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TV review: Vicious

Steve Bennett on ITV's new sitcom

Before the launch of Vicious, its star Sir Ian McKellen hailed it as a sign that TV ‘has grown up’: a sitcom whose protagonists just happen to be gay.

But while it’s progressive that Freddie and Stuart’s sexuality isn’t the target of jokes, as characters they are straight (if that’s the right word) out of the stereotype drawer: theatrical, bitchy, vain old hams. This is not certainly gay as the new normal, as portrayed in Modern Family or, well, The New Normal.

It’s part of the apparently increasing trend in British TV comedy that equates ‘mainstream’ with ‘70s throwback’ –  Mrs Brown’s Boys, Miranda, Ben Elton’s The Wright Way – with various degrees of success.

Clearly McKellen and Derek Jacobi are relishing the chance to overact every catty line as kings of drama playing drama queens. Their script is pretty much an exchange of pointed one-liners, though the underlying sentiment suggests this is all part of a game, not a real antagonism born of a claustrophobic 50-year relationship.

And talk of claustrophobic, all the action is set in one room of a semi-lit flat – a single set that, combined with the exaggerated performances – adds to the air that Vicious is more broad stage farce than televisual subtlety.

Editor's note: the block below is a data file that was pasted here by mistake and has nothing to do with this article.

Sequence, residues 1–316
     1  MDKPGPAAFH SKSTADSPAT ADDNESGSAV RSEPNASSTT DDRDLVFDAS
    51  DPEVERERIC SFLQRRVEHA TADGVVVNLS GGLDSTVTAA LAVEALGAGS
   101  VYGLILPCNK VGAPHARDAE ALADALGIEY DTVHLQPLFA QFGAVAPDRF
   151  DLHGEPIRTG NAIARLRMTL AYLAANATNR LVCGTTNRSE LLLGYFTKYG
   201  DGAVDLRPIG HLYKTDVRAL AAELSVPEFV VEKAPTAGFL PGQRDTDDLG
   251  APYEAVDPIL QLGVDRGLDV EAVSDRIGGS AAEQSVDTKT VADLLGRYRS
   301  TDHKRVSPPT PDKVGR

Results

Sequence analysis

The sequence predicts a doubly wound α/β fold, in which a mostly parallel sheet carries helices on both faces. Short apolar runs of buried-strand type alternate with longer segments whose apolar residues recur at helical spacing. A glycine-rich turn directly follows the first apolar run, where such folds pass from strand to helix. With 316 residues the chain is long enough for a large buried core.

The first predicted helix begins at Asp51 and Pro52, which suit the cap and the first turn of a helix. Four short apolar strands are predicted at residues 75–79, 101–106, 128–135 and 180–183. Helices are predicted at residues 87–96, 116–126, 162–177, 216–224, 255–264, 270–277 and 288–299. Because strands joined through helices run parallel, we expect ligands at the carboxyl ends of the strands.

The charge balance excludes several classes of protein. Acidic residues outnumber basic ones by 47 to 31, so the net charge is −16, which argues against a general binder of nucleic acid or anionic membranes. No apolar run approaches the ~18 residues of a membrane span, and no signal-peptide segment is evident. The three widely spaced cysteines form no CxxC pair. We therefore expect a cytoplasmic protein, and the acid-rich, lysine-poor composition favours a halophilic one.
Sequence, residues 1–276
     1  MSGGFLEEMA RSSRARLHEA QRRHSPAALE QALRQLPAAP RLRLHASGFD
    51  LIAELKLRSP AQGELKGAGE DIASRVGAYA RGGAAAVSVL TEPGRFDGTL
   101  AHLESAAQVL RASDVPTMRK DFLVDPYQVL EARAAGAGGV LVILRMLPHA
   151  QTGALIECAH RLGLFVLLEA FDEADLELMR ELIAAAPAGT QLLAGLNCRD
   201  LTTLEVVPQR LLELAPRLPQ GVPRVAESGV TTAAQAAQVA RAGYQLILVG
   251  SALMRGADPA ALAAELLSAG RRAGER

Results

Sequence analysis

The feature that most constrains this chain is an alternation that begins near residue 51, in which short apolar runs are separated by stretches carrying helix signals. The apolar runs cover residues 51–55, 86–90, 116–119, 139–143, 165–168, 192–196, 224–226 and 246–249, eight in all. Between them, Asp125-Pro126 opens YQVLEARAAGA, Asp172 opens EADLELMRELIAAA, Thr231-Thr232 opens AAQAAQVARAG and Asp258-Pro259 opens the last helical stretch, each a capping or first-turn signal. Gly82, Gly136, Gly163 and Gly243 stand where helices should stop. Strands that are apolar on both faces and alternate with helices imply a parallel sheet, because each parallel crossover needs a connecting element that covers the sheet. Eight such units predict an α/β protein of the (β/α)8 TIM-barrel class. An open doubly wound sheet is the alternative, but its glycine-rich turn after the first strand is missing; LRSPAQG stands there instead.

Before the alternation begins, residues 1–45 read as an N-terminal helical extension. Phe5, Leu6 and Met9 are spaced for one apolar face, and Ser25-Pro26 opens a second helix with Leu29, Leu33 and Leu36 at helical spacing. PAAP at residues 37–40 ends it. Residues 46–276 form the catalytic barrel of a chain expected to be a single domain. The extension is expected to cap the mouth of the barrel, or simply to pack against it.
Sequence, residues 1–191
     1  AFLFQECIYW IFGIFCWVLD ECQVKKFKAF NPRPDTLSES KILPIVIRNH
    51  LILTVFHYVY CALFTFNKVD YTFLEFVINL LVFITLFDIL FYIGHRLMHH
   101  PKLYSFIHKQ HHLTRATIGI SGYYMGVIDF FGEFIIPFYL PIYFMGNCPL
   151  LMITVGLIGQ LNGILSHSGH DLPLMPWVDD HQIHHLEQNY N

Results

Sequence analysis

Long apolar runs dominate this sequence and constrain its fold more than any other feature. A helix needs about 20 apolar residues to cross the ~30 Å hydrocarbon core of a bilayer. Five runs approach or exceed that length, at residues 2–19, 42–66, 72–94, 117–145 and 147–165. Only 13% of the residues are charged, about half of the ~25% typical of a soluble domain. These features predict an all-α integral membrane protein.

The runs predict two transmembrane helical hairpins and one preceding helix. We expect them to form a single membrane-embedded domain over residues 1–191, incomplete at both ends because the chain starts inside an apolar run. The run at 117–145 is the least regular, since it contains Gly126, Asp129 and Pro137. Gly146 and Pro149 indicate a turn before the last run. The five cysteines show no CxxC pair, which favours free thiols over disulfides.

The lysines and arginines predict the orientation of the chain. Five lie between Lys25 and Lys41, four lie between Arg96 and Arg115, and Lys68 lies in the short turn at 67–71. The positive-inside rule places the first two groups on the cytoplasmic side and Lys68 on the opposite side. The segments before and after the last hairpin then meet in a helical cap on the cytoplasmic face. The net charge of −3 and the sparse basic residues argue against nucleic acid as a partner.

The barbs they trade seem to have little quality control, just as long as they keep coming. It makes for a lot of predictable comebacks – such as the apparently academic boast ‘I’ve been to Oxford’ punctured with ‘Yes, for lunch’ – alongside more deliciously acidic swipes.

And the less said about Frances De La Tour taking ‘comic’ offence at the idea she might be too unattractive to be raped, the better. Quite what such an uncomfortable idea was doing amid all the over-the-top preening beggars belief. It’s aim was to serve the slight and straightforward plot that all three elderly lead characters wanted to seduce the attractive young man moving in to the upstairs flat, but their predatory desires were woefully ineffective. Like so much of Vicious, it’s a dated idea.

Yet for all that is wrong here, McKellen and Jacobi come with a certain camp chemistry, that’s fun and forgiving. It’s a thin basis for a comedy classic, admittedly, but can just about sustain half an hour of no-brain frippery.

Posted: 30 Apr 2013

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